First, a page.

Virginia buttonweed is widely considered the most invasive weed infesting turfgrass in the South. The plant is extremely prolific and has multiple ways to reproduce, including heavy seed production that occurs both above and below the ground from self-pollinating flowers, rooting stem fragments and tap roots that allow plants to survive through winter. Mowers set at even the lowest blade height do not interfere with growth or seed production of this plant.
Because of the potential for stem fragments to root, mowing may actually aid in the spread of buttonweed. Turning the mower deck discharge toward landscape beds could even start populations of buttonweed in flower beds.
Virginia buttonweed control
Virginia buttonweed is tolerant of most selective herbicides used for weed control in turf, especially when plants harden off in late summer. Managing the weed should start early in spring as perennial plants emerge from winter dormancy.
April and May are good months to begin spraying buttonweed in spot applications. Perennial plants that went dormant after the first frost will begin emerging in early April. Seedling plants germinate around the perennial “mother” plants as temperatures warm in spring. During this early growing season, perennial plants are tender with new growth. It is at this time that the perennial plants are most susceptible to herbicide uptake. Additionally, herbicide applications during spring will easily kill germinating seedling plants and reduce the overall buttonweed population significantly.
The worst thing to do is to wait until late July or August to make the first herbicide application. By late summer, heavy Virginia buttonweed populations can form a dense mat that can kill large areas of the lawn. Single herbicide applications, especially late-season, have not been effective on mature Virginia buttonweed. Multiple applications throughout the summer are needed after the initial spring applications to get buttonweed under control.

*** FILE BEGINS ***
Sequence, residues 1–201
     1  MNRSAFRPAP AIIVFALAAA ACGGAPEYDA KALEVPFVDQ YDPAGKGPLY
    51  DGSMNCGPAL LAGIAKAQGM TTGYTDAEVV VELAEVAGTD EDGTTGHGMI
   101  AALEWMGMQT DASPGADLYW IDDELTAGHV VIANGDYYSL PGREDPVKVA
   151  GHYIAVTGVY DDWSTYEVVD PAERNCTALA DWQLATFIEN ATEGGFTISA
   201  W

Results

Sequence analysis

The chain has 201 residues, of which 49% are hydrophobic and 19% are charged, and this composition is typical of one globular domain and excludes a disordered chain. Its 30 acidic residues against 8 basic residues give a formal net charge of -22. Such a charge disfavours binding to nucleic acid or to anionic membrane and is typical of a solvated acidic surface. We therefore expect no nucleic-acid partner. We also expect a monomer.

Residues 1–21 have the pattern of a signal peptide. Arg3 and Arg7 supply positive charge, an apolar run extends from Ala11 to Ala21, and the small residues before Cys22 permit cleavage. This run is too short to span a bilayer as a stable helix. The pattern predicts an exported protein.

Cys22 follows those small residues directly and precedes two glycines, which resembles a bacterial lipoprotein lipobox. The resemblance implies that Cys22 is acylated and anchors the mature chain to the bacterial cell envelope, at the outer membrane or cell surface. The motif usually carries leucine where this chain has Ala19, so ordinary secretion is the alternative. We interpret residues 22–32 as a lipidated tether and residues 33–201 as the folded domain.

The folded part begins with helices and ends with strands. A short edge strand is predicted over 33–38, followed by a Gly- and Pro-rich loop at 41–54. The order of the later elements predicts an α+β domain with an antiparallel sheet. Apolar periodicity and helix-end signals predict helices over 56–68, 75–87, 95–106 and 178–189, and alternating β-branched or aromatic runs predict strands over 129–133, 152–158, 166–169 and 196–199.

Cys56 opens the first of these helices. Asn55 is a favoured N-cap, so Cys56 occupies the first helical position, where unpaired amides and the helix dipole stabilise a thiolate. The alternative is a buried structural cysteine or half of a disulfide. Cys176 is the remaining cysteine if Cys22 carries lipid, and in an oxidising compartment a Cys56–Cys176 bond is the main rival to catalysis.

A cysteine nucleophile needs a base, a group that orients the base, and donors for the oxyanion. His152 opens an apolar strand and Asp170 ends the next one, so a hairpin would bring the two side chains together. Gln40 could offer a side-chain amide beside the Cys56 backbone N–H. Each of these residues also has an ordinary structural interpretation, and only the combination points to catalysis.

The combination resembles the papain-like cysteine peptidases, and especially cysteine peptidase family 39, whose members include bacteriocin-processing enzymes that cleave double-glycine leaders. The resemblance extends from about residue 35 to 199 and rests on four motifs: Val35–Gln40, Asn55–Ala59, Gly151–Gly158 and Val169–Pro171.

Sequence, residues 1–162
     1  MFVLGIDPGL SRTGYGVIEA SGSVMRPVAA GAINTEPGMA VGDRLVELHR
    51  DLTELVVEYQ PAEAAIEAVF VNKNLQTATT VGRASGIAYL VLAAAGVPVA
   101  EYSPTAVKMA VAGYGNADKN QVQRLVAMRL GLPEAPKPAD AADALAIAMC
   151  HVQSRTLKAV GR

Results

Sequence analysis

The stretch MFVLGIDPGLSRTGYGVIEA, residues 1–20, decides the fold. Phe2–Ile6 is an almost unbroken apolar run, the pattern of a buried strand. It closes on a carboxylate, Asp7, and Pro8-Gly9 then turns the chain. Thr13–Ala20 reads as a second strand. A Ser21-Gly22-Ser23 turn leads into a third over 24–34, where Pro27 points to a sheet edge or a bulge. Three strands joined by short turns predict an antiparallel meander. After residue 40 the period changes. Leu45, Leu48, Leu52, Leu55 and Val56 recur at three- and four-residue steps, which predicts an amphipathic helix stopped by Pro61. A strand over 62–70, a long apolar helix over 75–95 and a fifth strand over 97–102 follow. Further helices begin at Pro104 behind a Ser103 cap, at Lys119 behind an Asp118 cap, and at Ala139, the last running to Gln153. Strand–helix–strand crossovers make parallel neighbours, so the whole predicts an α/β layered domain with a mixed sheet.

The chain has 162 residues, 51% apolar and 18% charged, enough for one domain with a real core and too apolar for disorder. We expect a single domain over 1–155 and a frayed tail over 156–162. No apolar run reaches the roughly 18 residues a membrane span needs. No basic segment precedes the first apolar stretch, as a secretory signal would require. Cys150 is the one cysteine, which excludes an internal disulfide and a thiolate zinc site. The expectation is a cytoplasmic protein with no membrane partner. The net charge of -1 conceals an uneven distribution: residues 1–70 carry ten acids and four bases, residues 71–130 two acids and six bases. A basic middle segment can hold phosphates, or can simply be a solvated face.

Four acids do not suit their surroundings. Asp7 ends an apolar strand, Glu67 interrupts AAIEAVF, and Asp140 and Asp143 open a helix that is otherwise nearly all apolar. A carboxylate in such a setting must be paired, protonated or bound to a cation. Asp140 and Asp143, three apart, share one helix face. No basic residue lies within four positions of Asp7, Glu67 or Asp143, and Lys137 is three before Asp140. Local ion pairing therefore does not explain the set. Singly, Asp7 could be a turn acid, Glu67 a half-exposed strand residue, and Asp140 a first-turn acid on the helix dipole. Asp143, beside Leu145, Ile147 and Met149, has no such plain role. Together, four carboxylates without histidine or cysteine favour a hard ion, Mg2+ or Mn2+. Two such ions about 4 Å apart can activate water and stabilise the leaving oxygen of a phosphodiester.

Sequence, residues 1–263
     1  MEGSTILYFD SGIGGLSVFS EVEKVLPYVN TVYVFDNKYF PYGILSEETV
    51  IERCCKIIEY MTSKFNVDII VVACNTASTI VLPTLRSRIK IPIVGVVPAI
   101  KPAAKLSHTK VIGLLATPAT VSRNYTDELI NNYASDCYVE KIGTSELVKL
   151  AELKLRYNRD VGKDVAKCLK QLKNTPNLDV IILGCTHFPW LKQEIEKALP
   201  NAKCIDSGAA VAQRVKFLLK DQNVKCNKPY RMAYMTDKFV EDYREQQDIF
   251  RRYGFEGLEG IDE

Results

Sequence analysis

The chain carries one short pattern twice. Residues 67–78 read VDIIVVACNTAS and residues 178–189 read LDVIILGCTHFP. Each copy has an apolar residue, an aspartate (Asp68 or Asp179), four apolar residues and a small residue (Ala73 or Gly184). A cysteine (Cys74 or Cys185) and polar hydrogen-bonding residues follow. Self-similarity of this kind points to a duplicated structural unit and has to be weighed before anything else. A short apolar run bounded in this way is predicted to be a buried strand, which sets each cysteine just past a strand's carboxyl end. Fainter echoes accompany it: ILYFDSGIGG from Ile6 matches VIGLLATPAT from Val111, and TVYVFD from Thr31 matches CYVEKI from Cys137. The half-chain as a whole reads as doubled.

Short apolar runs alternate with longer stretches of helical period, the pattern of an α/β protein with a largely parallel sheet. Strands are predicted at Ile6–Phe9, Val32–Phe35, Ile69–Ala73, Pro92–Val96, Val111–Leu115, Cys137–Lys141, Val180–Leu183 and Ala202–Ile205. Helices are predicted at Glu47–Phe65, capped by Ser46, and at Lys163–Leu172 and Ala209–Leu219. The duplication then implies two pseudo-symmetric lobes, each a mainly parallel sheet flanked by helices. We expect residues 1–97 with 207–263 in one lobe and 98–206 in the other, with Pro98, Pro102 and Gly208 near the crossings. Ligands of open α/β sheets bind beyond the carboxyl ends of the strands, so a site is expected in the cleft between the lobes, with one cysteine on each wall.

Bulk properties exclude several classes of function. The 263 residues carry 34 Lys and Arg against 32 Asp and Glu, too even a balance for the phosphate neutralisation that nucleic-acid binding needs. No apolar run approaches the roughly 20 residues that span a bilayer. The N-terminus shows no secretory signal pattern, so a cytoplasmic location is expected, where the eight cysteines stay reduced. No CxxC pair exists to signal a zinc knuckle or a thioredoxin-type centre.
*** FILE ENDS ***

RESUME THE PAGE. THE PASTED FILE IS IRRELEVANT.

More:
A program approach works best to control buttonweed. According to research trials conducted by the LSU AgCenter, herbicides that contain the active ingredients 2,4-D, dicamba, mecoprop and carfentrazone (Speed Zone Southern, Weed Free Zone, Weed B Gon) have been effective in suppressing emerging perennial plants and killing the first flush of buttonweed seedlings when applied in early spring. Once temperatures exceed 85 degrees, herbicides containing 2,4-D cause too much injury to St. Augustinegrass and centipedegrass.
In the hot summertime, metsulfuron (MSM, Mansion) or Celsius herbicides should be applied. Always repeat metsulfuron or Celsius applications four to six weeks after the initial application. Both Celsius and metsulfuron have performed well in research trials, and these herbicides seem to be tolerated pretty well by St. Augustinegrass even in hot weather.
Ron Strahan is a weed scientist and associate professor in the School of Plant, Environmental and Soil Sciences
Flowering buttonweed. Photo by Ron Strahan
Virginia buttonweed. Photo by Ron Strahan
Seedling buttonweed. Photo by Ron Strahan